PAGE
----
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Are Isaiah Berlin's positive and negative freedoms trivially exhaustive? Wikiepdia says he argued for:

the need for us to distinguish and trade off analytically between, rather than conflate, them, if we are to avoid disguising underlying value-conflicts. The two concepts are 'negative freedom', or freedom from interference, which Berlin derived from the British tradition, and 'positive freedom', or freedom as self-mastery, which asks not what we are free from, but what we are free to do.

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    Can you add a brief explanation of the difference to your post? That would make the thread easier to follow. – Alexander S King Feb 8 '17 at 18:39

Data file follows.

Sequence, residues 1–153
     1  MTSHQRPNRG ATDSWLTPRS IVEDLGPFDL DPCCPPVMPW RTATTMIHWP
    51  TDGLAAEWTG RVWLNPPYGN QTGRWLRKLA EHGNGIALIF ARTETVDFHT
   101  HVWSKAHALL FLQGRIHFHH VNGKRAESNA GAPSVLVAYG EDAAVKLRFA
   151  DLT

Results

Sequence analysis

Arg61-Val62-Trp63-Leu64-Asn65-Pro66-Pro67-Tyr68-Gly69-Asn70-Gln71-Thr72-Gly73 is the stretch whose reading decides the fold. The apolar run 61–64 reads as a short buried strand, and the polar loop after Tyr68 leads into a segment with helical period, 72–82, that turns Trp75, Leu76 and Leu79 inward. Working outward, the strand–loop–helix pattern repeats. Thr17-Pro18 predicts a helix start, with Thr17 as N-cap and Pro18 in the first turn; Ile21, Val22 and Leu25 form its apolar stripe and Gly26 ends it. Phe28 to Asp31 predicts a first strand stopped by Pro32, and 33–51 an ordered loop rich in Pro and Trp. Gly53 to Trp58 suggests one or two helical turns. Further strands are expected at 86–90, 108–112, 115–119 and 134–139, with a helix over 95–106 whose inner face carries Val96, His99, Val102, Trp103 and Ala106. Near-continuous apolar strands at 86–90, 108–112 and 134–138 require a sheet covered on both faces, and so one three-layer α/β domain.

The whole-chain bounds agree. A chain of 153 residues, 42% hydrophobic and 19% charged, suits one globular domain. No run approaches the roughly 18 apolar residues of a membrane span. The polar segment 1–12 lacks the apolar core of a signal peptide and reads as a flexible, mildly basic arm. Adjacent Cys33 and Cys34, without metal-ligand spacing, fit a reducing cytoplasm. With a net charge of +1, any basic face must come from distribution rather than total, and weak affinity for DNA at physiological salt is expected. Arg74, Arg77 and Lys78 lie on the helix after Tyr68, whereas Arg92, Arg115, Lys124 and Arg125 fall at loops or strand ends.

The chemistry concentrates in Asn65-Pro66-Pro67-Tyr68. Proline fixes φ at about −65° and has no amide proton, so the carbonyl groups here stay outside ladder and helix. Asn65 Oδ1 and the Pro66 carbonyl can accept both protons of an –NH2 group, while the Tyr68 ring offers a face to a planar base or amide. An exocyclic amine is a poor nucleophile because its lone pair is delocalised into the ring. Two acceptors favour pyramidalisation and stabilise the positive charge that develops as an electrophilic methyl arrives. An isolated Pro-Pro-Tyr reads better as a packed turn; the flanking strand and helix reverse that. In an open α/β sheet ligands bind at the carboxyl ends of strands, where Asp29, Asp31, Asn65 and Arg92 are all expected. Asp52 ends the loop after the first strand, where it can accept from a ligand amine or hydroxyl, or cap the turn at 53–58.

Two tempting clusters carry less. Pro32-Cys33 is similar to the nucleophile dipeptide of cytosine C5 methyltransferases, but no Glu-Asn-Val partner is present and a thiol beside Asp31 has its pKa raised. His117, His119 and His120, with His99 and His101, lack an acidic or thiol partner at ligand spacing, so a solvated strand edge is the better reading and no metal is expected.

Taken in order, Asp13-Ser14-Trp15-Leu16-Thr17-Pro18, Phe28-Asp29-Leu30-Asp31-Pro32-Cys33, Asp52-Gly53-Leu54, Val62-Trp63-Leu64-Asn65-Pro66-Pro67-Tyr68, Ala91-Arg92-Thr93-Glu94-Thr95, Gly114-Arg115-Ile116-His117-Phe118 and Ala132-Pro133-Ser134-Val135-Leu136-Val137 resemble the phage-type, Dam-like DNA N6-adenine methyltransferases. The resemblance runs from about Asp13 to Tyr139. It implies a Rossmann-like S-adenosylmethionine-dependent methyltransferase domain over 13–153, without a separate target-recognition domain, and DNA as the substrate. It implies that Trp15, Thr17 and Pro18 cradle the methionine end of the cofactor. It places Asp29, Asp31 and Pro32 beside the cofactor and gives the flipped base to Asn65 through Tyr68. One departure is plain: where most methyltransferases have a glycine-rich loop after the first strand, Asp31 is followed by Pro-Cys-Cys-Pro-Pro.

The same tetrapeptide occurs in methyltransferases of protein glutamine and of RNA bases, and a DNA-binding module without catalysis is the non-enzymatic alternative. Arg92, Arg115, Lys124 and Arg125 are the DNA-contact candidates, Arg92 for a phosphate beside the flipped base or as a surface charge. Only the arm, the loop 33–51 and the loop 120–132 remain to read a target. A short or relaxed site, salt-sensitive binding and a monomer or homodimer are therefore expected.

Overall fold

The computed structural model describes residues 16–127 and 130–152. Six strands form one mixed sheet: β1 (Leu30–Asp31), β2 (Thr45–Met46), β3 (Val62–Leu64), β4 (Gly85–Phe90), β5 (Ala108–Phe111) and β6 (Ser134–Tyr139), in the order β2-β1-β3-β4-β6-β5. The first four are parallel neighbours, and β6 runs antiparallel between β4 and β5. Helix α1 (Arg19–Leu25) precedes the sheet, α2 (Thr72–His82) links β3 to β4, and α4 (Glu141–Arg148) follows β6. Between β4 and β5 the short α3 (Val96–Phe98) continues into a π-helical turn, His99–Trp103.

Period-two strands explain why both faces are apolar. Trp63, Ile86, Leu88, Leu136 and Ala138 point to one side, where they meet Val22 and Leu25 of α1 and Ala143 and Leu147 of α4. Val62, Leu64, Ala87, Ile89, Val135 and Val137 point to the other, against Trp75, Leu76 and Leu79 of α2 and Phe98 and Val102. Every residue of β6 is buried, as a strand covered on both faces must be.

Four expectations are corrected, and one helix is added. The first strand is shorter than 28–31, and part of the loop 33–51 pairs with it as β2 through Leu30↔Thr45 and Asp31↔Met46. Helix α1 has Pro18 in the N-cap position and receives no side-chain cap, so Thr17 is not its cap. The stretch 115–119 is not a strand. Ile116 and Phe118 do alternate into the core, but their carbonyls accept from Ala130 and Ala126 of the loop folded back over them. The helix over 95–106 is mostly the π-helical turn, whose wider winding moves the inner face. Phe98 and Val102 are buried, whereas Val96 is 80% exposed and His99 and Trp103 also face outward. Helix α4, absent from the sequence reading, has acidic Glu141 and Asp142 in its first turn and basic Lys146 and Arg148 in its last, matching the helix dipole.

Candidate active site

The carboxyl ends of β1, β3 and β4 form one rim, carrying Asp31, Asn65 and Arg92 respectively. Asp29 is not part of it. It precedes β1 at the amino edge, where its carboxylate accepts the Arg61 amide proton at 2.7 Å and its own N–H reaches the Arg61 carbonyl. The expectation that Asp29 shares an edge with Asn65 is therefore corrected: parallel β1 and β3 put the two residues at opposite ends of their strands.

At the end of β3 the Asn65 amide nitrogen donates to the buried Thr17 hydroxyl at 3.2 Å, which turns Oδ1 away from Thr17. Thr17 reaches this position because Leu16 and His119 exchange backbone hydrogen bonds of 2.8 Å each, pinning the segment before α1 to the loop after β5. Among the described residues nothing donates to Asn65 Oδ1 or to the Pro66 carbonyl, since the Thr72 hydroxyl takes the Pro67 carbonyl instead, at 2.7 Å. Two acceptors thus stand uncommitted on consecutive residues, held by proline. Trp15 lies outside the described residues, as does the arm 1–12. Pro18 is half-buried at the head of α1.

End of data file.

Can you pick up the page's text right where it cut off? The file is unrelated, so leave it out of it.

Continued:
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    It is easily argued that any genuine freedom is, in effect, a negative freedom. If I am to do something, at some point you must be restrained from preventing me from doing it, or I do not have the freedom. That makes positive freedoms a subset of negative freedoms. So then just that one category is trivially exhaustive. – jobermark Feb 8 '17 at 20:31

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